Why does a skinny cappuccino cost Eur 3.20 while a skinny Latte costs a mere Eur 3 at Starbucks in Munich? Milk is cheaper than froth, something that will register with British dairy farmers, who are complaining about falling milk prices.
The Starbucks index currently puts a tall late at Eur 2.85 in Alicante, 3.00 in Munich and 3.50 in Paris and Amsterdam, but Eur 3.85 in Athens, which plays right into the hands of those who think Greece is the European economy which suffers most from excessive prices.
Mind you, CHF 6.10 for the same drink in Zurich this week is scary, while GBP 2.15 could be argued as a reason to buy the pound were it not for iPad prices. It seems the Swiss, relative to the Brits, value coffee more highly than Apples.
Saturday, 21 July 2012
The Dollar price of an iPad 2, now and last year. Many thanks to Edward, who did the web research for me as his 'work experience' yesterday!
Some countries have seen prices come down, all countries have seen exchange rate movements, The big outlier a year ago was Brazil but Real softness is going some way towards sorting that out. Cheapest place to buy an iPad is still the USA. Japanese prices are added and highlight that years of deflation mean Japan isn't over the top expensive any more.
In the UK, we're being over-charged.....and while Switzerland is super-expensive for many things, an iPad is cheaper in Zurich than in London, apparently.
If you only traded FX on the basis of iPad prices (would have got you short real last year, but it's not really a sophisticated strategy!) you would sell the Swedish krona and buy the dollar or the yen...
Friday, 13 July 2012
Terra Mitica, the world’s best theme park, opened in 2000, in the bright dawn of Spain’s Euro Zone membership. Money was cheap and plentiful, the economy embarking on a boom. The pound was on a high and the local economy in Benidorm was re-inventing itself from cheap package holiday destination to appeal to a wider clientele. The local savings banks were happy to finance a theme park, as well as hotels, a golf course and a nature reserve.
Twelve years on and Terra Mitica is still the world’s best theme park. For visitors, not for the Cajas who financed it. What makes it so good is partly the theme of the rides – a journey through the Ancient World, allowing a small dose of cultural education along with the thrills. More than that though, visitors can enjoy far, far smaller queues than they would at most other theme parks.
Since my children were 1 and 4 years old when the park opened, it has been a regular destination, the rides they enjoy changing gradually as they have got older. My annual season pass costs me Eur 51, and since I can visit as many times as I want, I tend to indulge the children’s appetite for frequent visits, either keeping them company for a ride or two in between cups of coffee, or simply dropping them off and heading for the gym of golf course down the road. As the chosen rides got scarier, coffee and golf started to appeal more and more.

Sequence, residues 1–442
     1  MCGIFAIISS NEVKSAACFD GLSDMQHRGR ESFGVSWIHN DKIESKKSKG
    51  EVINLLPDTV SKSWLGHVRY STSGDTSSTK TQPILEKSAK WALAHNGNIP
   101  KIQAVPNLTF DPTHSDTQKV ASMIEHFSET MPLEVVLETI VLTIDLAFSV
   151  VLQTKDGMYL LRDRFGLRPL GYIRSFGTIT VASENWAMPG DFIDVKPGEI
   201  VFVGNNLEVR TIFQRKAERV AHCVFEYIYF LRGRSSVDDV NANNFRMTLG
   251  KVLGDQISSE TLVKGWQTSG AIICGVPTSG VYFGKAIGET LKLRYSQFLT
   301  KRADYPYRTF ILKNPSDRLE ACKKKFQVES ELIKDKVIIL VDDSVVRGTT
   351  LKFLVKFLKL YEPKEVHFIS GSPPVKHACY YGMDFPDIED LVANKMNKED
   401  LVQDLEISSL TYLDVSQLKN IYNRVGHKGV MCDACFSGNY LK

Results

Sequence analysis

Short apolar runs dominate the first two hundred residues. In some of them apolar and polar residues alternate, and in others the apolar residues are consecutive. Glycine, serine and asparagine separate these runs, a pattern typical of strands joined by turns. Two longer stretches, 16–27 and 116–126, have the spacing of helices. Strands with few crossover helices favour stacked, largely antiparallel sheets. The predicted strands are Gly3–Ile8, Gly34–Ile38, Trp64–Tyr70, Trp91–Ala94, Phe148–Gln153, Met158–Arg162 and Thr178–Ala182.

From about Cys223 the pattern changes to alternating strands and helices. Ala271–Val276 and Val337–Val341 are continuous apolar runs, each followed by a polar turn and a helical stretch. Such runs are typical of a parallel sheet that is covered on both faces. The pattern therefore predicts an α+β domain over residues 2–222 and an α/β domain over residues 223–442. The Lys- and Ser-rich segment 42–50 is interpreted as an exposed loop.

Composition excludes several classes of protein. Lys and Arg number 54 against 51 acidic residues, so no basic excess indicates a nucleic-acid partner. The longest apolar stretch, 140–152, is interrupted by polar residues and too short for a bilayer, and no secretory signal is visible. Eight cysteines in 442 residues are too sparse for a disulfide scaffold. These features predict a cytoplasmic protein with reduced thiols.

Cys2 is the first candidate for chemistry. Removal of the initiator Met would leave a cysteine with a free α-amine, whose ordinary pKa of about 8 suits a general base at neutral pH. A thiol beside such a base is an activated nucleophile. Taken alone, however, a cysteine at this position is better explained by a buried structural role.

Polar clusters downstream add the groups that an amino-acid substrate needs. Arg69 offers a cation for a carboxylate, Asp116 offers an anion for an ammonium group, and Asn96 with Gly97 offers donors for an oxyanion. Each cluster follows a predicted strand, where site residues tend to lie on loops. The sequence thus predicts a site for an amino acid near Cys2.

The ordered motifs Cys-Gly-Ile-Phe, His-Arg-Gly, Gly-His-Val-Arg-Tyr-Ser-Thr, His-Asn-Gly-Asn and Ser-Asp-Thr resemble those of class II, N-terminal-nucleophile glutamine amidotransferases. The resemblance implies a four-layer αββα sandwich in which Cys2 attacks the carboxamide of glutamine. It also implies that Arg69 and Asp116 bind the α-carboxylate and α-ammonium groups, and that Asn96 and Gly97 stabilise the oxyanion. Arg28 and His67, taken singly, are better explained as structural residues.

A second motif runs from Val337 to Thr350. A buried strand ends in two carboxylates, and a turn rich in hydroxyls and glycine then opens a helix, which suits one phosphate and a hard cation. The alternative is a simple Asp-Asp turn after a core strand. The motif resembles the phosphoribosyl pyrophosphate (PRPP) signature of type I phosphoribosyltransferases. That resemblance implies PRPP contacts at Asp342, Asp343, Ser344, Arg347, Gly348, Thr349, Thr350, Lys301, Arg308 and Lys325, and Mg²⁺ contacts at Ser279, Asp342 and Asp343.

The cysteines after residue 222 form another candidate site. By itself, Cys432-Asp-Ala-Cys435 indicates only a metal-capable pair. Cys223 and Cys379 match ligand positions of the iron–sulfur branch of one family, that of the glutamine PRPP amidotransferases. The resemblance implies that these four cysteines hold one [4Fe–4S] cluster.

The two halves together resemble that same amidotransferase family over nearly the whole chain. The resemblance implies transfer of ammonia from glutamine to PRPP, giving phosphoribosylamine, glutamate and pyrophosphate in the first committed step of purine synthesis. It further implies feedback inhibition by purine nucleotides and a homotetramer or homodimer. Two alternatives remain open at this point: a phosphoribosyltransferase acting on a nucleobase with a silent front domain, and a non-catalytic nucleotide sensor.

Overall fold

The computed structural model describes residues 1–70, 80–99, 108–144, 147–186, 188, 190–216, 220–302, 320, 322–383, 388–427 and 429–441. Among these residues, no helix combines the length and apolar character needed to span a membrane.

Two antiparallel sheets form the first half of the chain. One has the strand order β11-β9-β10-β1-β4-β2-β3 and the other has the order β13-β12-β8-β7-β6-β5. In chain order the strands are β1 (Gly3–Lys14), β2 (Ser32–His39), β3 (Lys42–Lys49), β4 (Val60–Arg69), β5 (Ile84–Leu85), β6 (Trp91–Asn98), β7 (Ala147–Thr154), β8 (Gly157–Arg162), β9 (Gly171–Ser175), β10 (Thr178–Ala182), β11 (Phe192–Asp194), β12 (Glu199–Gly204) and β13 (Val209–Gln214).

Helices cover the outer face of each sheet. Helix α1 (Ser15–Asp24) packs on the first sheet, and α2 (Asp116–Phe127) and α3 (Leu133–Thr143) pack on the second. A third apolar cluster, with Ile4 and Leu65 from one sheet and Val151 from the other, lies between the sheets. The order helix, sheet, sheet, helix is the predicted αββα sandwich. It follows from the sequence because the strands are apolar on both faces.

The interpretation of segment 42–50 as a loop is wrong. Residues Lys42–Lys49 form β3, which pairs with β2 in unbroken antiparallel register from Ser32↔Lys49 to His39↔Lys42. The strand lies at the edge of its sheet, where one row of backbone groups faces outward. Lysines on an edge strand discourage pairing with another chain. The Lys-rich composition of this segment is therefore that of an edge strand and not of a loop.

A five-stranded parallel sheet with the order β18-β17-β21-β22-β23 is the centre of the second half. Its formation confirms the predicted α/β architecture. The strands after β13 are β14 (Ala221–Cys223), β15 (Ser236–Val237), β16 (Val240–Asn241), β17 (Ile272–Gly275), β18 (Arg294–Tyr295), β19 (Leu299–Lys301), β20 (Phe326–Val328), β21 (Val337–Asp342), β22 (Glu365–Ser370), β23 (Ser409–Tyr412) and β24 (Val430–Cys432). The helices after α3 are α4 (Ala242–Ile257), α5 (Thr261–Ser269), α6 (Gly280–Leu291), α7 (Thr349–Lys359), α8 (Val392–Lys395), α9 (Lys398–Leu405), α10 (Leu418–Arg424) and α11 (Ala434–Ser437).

Terra Mitica has lost several hundred million euros in its short life. It has changed ownership and management, running a profit only briefly in the halcyon days before the credit bubble burst – and is now run by a waterpark operator. I have regularly fretted that it would close down and deprive the children of one of their favourite holiday treats, but the banks are still trying to avoid writing off all their loans.
Since it ran into trouble, some rides have changed, and restaurants have abandoned all but the quickest fast food. Pondering the thinking about what to change or close, it is clear that one factor above all makes the difference – how labour intensive a ride, or restaurant is. So my wife’s favourite ‘cultural’ ride, a genteel water ride based on Odysseus’ journey round the Med, is no more, and the aerial climbing centre has closed down. As for the days when I could sit down and have a four course a la carte meal, they are a distant memory.
The trouble is that since Spain joined the Eurozone, wages have risen sharply. And European labour laws have been imported. That’s not a bad thing, but closing down labour intensive jobs in a part of Spain with incredibly high unemployment doesn’t actually make sense. If labour costs were a bit lower, there would be demand for many more services, and the work would create its own demand.
Closing a ride on the grounds of labour cost while youth unemployment heads ever higher, hits local demand twice over – tourists have less to spend their cash on and locals just have less cash. Europe’s austerity-solution will be to reduce unemployment benefit, and raise consumption taxes. That will reduce demand even further, obviously.
The latest twist is a cut in unemployment benefit and an increase in VAT. Will that boost employment? Probably, but not at Terra Mitica. The successful businesses around here are small family-operated ones, where unemployed children with degrees in architecture help work in the family bar, for example. Here, prices have been cut. Are these businesses diligently reporting all their income for VAT? Who knows!
It all ends with the banks writing off the loans to finance all sorts of infrastructure projects. It ends with freer labour markets and a scaled back social welfare system. It would be nice if there were an offset in the form of cheap money, or cheaper currency but at the moment neither is on offer. In the absence of either, tighter fiscal policy will result in weaker demand, higher unemployment, weaker tax receipts, reduced government spending, a lower credit rating, higher borrowing costs and on round and round the austerity carousel…